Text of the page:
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Old 04-25-2017, 08:52 PM
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Default How much liquid cash should you have ?

Just curious ... what is the suggested liquid cash that a family (including young kids) should have on hand ? Is it three months' worth of expenses (rent / mortgage, groceries, gas, clothing, electricity, etc) ? Six months' ? A year ?

Please advise.

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Old 04-25-2017, 09:16 PM
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Depends. Stable jobs maybe 1-3 months. Self-employed? single income? Maybe 6 months. Have taxable accounts? maybe 1-3 months. No other savings? Maybe more. Too many factors.
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Old 04-25-2017, 09:21 PM
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I would say at a minimum, you should keep 3 months' total expenses. Preferably, 6 months is better. Of course, those are general rules of thumb. More importantly, you want to keep enough cash to make you feel safe. For some, that does indeed mean 1+ year's worth of expenses.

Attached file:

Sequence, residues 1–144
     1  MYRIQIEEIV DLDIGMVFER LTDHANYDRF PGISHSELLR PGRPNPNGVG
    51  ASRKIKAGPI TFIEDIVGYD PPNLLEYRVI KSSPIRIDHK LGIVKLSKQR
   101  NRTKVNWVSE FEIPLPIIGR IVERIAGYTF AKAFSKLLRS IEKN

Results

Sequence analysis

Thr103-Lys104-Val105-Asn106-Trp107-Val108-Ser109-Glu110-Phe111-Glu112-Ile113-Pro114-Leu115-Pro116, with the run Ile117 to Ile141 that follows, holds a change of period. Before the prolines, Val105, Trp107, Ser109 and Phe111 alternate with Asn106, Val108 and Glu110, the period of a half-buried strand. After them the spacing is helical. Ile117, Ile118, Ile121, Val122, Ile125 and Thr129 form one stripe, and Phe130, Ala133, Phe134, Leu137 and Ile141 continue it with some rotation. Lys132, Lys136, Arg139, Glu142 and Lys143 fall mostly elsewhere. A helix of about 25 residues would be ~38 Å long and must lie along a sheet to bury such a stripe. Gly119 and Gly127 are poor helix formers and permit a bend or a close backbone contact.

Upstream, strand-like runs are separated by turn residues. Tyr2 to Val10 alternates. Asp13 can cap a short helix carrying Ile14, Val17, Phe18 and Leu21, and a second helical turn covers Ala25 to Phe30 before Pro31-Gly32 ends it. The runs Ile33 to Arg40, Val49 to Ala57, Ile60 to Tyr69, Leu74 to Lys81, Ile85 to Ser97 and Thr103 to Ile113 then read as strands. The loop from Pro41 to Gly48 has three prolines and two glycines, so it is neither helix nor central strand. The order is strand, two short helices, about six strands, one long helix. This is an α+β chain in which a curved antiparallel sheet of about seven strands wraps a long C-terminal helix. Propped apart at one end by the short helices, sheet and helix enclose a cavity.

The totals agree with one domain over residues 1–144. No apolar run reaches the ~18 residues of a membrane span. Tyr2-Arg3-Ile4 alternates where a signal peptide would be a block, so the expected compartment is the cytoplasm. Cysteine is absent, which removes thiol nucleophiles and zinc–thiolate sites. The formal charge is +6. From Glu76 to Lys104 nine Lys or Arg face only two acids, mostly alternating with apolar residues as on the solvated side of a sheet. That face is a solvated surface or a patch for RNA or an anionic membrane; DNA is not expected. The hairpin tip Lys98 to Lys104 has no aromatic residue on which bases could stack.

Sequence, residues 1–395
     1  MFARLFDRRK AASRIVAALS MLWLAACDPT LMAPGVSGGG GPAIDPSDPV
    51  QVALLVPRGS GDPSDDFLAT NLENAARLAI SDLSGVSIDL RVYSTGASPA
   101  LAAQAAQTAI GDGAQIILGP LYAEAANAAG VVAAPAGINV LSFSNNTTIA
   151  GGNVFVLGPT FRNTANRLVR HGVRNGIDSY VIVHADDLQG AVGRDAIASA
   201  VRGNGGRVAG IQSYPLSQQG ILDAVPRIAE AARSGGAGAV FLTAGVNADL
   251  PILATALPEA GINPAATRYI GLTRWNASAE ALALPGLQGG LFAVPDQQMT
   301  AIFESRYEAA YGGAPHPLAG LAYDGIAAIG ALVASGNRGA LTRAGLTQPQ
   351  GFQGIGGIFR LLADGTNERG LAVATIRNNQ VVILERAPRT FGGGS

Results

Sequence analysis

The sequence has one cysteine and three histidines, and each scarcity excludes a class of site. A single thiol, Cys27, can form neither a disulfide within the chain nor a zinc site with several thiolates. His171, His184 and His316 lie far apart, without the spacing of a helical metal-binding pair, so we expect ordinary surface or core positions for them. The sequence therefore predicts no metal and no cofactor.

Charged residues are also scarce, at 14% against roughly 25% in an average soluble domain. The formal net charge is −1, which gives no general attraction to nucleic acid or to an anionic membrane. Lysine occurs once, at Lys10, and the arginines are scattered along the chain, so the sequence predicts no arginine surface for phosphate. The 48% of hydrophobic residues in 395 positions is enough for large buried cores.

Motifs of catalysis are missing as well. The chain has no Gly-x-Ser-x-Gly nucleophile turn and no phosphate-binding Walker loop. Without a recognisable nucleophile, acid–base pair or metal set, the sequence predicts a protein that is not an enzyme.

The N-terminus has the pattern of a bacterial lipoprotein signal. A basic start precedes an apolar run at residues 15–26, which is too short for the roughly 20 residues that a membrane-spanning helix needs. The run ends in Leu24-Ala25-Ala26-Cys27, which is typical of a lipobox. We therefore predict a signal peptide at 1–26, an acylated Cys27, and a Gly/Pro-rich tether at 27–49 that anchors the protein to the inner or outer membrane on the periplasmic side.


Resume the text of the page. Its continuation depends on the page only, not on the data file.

For me, that minimum figure seems to be around 4 months' expenses... I've found that if/when my cash drops below that level, I start to feel more apprehensive about my financial situation. As I focus on building up cash & raise that amount back up toward 5-6 months, that anxiety goes away. I've recognized this only after a few iterations of my cash balance floating up & down over time. So finding the exact amount you need takes time & experience. But until you can identify what works for you, these rules of thumb are a good starting place.
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Old 04-26-2017, 12:20 AM
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It really needs to be catered to your personal situation, comfort level and stage in life.

When I was single my goal was a 6 month emergency fund but I couldn't get there. Had I lost my job I would have struggled to make my mortgage payment on unemployment.

When DW and I first got together and paying two mortgages our goal was also 6 months because of the double mortgage payment and with 1 job loss we would have struggled.